By categorising civil wars into groups such as ‘civil war of legitimacy’, ‘civil war of replacements’ and ‘civil war of convenience’ (p. 4), Kisangani furthers the notion of variability in the causes and expression of violent conflict. However, in general, Kisangani argues that despite the differences among these civil wars, the common thread is the politics of exclusion. The author posits that while historical factors might differ, the political elites tend to use exclusion as the rationale for mobilising the population to revolt or rebel.

As such, despite its claims to dissociate from extant literature, this book is somewhat reminiscent of the writings of Paul Collier who explores the theme of ‘greed and grievances’. Kisangani posits that legitimacy alone is not enough to mobilise masses. He advances the notion that politically excluded elites attempt to recapture the state by mobilising the population while flaunting the tenets of democracy, human rights and accountability. In reality, the reason for the civil wars would be the political elites’ quest for economic gain and consolidation of power. They continue to view government institutions as means to access power and resources. As such, Kisangani is not convinced of the genuine desire for inclusion as the driving force for the several conflicts in the DRC.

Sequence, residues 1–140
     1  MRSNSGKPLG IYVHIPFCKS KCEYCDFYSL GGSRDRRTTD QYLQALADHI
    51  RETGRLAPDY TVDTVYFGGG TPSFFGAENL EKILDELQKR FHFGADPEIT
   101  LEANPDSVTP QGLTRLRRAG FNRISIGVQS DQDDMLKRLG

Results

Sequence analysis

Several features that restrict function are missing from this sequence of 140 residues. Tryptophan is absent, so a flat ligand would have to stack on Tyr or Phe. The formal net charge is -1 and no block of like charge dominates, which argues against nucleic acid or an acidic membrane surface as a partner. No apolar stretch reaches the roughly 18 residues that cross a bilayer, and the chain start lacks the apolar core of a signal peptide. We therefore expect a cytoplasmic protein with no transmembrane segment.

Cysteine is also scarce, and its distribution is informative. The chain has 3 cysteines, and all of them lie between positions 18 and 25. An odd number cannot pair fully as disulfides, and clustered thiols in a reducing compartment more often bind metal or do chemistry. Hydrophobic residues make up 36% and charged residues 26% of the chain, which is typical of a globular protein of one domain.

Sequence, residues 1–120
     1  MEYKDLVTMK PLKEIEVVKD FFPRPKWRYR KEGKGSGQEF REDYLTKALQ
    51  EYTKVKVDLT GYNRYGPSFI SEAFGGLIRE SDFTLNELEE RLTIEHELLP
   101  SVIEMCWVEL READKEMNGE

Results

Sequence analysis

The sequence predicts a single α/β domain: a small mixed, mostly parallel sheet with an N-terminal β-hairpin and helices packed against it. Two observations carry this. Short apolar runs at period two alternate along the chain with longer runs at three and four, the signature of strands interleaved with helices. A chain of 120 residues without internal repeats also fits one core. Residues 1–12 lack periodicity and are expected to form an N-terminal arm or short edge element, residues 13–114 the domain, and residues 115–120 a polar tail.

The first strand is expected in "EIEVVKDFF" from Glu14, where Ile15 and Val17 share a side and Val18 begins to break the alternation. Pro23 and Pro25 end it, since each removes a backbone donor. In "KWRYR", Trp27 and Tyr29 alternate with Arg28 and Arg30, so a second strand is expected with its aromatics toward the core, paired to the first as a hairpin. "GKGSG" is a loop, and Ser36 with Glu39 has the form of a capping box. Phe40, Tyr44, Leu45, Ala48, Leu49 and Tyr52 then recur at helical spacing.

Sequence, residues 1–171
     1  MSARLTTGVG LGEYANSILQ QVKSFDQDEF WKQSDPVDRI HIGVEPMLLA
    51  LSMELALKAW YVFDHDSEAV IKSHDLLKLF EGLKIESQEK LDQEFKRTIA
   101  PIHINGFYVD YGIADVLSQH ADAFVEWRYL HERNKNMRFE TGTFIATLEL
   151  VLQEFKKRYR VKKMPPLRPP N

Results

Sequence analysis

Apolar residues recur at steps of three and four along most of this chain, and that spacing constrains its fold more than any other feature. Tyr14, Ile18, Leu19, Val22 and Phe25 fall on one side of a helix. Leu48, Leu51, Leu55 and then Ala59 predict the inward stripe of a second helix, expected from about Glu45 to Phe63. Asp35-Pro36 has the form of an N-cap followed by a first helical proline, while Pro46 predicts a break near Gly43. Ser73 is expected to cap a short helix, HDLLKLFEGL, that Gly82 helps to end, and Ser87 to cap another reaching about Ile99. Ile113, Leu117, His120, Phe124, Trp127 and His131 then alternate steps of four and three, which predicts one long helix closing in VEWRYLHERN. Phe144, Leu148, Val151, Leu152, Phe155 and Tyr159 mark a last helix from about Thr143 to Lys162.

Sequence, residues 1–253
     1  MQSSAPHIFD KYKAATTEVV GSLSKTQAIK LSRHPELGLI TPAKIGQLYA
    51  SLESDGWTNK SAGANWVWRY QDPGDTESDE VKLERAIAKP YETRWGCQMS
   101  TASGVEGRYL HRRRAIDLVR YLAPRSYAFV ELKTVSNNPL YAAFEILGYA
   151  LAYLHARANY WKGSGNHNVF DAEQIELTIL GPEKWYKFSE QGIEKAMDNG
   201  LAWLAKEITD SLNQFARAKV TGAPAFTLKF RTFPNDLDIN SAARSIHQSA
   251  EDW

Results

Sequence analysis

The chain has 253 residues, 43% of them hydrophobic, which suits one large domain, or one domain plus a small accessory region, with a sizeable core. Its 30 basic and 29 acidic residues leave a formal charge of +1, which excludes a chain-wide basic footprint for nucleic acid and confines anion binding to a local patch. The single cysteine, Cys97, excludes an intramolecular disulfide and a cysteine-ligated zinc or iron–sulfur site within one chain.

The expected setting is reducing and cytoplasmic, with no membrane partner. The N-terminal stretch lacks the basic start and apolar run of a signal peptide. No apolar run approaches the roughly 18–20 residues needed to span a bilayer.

This dismissal of the DRC political leadership of all epochs by Kisangani and the imagery of continued manipulation of DRC governments by political elites presented in this book could have resulted from the fact that there was a power vacuum, and the inability to deliver human security and development to the Congolese population. However, there are challenges with the ‘greed and grievance’ perspective as it tends to negate the sincere feelings of frustration and relative deprivation that compel many of the disenfranchised and excluded actors into violent conflict. Nonetheless, for a 221 page long analysis, this book does a good job of highlighting the causes of the problems in the DRC, and, by separately examining the various civil wars, offers insights into this African problematic. The author analyses several layers of the civil wars in DRC from the revolts against Mobutu to the anti-Kabila and the present-day wars which include many rebel groups.